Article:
Auto and Shop Information - measures knowledge of automotive maintenance and repair, and wood and metal shop practices
Mechanical Comprehension - measures knowledge of the principles of mechanical devices, structural support, and properties of materials
Assembling Objects - measures ability with spatial relationships
The AFQT score is the most important ASVAB score, because it determines if you can enlist in the U.S. Army. However, the U.S. Army also converts the ASVAB test scores into 10 other composite score areas known as "line scores" that determine what MOS an individual may qualify for. Listed below are the parts of the ASVAB that affect your AFQT and each of the ten line scores.
Armed Forces Qualification Test (AFQT) - Paragraph Comprehension, Word Knowledge, Mathematics Knowledge, and Arithmetic Reasoning.
Clerical (CL) – Word Knowledge, Paragraph Comprehension, Arithmetic Reasoning and Mathematics Knowledge.
Combat (CO) - Word Knowledge, Paragraph Comprehension, Auto & Shop and Mechanical Comprehension.
Electronics (EL) – General Science, Arithmetic Reasoning, Mathematics Knowledge and Electronic Information.
Field Artillery (FA) - Arithmetic Reasoning, Mathematics Knowledge and Mechanical Comprehension.
General Maintenance (GM) – General Science, Auto & Shop, Mathematics Knowledge and Electronics Information.
General Technical (GT) - Word Knowledge, Paragraph Comprehension, and Arithmetic Reasoning (AR).
Mechanical Maintenance (MM) – Auto & Shop, Mechanical Comprehension and Electronic Information.
Operators and Food (OF) - Word Knowledge, Paragraph Comprehension, Auto & Shop and Mechanical Comprehension.
Surveillance and Communications (SC) - Word Knowledge, Paragraph Comprehension, Arithmetic Reasoning, Auto & Shop and Mechanical Comprehension.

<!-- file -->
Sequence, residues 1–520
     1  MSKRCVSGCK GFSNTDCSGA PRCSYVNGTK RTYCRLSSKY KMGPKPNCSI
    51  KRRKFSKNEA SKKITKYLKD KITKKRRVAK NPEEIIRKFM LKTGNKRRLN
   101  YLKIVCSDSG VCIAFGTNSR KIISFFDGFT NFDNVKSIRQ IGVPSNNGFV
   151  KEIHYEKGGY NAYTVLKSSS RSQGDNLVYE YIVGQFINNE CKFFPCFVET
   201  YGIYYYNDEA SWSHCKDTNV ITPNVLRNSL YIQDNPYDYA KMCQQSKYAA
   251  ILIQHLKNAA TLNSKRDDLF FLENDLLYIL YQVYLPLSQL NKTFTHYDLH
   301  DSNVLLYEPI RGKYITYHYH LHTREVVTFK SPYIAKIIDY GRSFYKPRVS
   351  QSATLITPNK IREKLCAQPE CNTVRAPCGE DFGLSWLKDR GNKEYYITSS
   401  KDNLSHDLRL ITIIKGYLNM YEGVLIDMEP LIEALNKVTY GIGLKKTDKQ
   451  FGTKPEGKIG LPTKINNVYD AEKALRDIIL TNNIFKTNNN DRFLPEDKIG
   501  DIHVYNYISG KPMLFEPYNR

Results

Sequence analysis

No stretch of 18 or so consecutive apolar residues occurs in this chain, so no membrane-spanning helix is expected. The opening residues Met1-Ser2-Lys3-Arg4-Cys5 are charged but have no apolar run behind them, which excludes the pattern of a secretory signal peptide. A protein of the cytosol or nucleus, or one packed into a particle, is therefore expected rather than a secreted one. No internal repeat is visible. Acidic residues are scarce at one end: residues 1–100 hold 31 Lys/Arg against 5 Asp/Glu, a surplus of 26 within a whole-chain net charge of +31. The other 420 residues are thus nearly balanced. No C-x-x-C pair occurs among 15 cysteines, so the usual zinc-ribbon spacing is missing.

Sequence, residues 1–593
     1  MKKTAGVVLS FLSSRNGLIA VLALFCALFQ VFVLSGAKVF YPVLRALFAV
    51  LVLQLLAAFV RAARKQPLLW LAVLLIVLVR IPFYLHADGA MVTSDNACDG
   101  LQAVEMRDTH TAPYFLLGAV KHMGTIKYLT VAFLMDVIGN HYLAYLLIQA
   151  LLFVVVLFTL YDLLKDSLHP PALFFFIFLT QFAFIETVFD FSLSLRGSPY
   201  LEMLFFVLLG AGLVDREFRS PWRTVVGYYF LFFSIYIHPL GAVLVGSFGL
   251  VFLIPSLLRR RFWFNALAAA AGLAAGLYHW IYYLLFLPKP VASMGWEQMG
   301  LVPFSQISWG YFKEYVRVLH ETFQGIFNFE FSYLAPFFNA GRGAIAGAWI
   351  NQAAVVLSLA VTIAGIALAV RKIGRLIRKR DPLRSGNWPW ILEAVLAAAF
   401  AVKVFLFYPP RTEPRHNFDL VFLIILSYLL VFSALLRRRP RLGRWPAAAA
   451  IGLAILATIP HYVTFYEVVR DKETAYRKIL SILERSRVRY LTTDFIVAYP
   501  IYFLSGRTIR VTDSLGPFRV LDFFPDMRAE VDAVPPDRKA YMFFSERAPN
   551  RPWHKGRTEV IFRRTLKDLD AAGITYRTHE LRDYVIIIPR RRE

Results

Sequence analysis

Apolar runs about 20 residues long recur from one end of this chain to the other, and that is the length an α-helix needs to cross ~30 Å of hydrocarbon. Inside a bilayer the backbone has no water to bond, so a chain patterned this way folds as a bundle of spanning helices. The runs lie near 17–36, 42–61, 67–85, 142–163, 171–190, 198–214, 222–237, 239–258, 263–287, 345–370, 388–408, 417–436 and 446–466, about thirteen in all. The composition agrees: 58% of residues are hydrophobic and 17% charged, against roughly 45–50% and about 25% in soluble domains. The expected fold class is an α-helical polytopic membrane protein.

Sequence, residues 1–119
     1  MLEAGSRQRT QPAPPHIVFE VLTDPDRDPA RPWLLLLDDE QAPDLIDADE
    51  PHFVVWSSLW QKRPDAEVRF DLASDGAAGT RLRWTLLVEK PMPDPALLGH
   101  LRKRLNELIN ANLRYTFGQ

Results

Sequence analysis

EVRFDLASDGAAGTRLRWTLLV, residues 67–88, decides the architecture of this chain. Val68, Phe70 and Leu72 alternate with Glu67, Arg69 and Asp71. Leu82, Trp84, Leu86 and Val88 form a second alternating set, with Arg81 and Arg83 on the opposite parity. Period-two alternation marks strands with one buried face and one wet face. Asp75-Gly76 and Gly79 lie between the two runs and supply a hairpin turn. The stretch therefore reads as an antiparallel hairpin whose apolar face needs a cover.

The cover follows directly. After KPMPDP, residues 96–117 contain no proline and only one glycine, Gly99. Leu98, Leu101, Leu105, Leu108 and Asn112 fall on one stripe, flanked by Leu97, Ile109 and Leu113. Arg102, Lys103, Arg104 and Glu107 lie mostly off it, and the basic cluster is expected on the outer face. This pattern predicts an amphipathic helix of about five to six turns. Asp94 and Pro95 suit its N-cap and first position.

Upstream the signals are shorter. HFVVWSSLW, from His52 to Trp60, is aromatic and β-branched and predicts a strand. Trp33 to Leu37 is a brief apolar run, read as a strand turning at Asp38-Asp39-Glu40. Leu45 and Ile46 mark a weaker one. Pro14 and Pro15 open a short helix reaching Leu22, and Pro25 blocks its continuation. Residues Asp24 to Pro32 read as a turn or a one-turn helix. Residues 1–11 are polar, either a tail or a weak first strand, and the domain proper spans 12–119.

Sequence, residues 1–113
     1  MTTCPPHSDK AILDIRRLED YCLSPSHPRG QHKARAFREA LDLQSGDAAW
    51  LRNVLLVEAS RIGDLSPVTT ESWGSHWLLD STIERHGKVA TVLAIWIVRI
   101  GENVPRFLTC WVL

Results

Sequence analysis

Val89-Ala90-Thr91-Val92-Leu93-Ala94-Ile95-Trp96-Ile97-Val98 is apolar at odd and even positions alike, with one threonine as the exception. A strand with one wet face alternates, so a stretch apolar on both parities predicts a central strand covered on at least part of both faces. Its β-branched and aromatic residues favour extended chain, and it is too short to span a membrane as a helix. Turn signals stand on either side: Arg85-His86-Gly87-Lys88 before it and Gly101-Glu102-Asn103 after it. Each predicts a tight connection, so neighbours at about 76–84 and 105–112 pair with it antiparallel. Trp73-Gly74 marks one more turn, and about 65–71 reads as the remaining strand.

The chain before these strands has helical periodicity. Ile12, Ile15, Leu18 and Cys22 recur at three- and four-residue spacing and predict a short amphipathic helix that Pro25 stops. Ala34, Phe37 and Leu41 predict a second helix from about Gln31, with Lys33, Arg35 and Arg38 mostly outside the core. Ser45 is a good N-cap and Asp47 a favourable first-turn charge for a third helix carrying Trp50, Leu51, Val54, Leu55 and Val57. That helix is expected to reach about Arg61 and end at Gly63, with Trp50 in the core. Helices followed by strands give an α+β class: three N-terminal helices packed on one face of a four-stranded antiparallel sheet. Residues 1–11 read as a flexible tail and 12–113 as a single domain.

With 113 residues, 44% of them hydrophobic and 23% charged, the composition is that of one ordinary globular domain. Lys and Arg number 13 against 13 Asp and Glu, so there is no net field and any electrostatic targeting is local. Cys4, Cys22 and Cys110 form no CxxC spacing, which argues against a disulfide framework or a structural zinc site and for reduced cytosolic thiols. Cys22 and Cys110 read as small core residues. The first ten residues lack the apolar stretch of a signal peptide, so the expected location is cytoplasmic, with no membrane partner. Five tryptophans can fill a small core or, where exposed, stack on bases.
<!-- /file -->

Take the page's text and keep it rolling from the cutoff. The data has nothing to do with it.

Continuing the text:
Skilled Technical (ST) - Word Knowledge, Paragraph Comprehension, General Science, Mechanical Comprehension and Mathematics Knowledge.
Insert your line scores above to see what jobs you could be qualified for.
Check out other Department of Defense websites for more information about the ASVAB test.
March 2 Success
March 2 Success provides materials to help improve scores on the standardized tests, such as SAT, ACT, state exit exams and ASVAB.
The ASVAB Career Exploration Program was developed with input from a panel of career-development experts and designed to encourage students to increase their level of self-knowledge and to understand how that information could be linked to civilian and military occupational characteristics.
Today's military Web site provides a section dedicated to exploring the ASVAB test and helping potential military candidates learn more about their skills and interests, helping match them up with possible career paths.
Take a look at the jobs and career paths that fit your goals by creating an account and exploring your options. Part of the Army career explorer is a practice ASVAB test that will give you a general idea of your strengths and weaknesses.